New York residents suffering from a rare disease could spend years seeking answers from health care providers. Rare diseases present patients and their families with diagnostic difficulties because there tends to be limited information about the conditions. Per the National Institutes of Health, a disease fits the definition of being rare if it is identified in less than one person out of 200,000 in the U.S.
At least half of the 30,000 U.S. residents diagnosed with one of the 7,000 identified rare diseases are children. However, it is probable that there are numerous people who have not yet been diagnosed. One of the greatest challenges is the fact that there could be different manifestations of a rare disease for different patients. Symptoms shared by different diseases could create further confusion during diagnostic efforts. There may be a need to be examined and tested by the right specialist.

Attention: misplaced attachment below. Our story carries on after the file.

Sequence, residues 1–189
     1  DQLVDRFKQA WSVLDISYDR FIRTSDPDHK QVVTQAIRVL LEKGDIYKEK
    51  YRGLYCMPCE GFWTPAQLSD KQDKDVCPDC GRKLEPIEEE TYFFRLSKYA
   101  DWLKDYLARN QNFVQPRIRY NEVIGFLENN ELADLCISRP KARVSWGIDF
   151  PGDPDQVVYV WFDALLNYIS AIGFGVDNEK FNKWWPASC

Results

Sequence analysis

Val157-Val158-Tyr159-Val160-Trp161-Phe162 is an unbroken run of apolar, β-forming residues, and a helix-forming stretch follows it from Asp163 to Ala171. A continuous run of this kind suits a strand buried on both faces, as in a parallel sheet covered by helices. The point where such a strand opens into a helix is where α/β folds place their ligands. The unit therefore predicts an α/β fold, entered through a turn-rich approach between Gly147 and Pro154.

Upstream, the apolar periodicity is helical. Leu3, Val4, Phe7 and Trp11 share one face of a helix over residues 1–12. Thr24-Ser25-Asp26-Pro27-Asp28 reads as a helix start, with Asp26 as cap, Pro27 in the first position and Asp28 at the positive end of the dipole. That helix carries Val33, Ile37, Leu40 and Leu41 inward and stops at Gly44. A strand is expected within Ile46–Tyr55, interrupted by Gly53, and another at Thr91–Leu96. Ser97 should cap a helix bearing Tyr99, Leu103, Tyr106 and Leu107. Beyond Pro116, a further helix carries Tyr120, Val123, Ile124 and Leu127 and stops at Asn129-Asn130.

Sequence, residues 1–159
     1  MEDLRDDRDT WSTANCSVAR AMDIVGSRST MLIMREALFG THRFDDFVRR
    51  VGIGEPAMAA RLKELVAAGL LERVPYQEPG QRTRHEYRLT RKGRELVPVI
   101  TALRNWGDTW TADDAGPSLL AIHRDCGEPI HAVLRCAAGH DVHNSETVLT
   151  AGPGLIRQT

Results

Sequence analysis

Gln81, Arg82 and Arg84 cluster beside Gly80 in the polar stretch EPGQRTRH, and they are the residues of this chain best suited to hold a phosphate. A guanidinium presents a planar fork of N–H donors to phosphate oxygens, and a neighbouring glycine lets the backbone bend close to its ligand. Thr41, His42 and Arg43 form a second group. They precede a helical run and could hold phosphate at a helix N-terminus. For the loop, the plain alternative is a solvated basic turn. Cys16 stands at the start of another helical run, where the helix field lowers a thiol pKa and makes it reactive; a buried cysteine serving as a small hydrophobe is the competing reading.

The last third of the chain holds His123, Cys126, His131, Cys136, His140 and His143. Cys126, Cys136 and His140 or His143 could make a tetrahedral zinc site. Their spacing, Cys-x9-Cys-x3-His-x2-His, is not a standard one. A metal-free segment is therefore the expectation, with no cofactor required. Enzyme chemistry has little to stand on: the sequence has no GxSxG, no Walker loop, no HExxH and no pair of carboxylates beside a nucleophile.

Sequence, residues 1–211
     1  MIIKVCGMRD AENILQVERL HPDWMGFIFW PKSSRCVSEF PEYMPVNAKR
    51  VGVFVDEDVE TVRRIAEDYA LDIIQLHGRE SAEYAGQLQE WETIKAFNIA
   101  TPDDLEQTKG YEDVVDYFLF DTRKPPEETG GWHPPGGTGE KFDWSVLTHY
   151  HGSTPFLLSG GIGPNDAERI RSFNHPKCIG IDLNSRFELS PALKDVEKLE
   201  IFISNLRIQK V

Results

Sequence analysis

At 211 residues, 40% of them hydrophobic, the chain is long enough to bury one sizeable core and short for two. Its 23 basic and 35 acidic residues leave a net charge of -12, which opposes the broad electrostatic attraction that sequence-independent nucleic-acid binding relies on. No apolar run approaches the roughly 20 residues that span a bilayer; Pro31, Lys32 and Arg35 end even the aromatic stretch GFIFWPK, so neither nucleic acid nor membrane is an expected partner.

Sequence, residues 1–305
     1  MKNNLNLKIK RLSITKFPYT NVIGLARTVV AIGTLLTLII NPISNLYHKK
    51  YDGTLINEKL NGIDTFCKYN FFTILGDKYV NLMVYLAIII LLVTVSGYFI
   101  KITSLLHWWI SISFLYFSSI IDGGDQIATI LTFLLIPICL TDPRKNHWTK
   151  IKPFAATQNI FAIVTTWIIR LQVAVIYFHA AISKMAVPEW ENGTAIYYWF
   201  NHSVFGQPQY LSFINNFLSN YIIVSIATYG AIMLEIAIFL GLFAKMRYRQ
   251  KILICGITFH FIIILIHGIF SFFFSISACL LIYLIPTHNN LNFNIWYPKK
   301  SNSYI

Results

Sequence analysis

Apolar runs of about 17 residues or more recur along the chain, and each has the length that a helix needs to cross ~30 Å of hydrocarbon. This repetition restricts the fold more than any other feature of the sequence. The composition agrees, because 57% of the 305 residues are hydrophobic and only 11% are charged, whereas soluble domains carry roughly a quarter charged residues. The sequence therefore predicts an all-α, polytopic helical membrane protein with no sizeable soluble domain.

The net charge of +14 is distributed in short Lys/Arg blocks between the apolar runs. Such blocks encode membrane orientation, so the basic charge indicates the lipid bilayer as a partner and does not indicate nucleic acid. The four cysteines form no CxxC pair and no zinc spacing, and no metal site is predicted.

Some patients might find that the area of specialty needed is also rare, which could limit their access to proper care. People dealing with vague symptoms might feel that the health care system is inadequate, especially if they continue to meet with failure in obtaining a diagnosis.
Although a failure to make a proper diagnosis could under some circumstances rise to the level of medical malpractice, it will be necessary to establish two crucial elements. The first one is that the patient was harmed by such failure, and this can be shown to be the case if the patient's condition worsens. The second element is determining that the health care practitioner or facility did not exhibit the requisite standard of care, and a plaintiff's attorney will often endeavor to establish this through testimony provided by medical experts.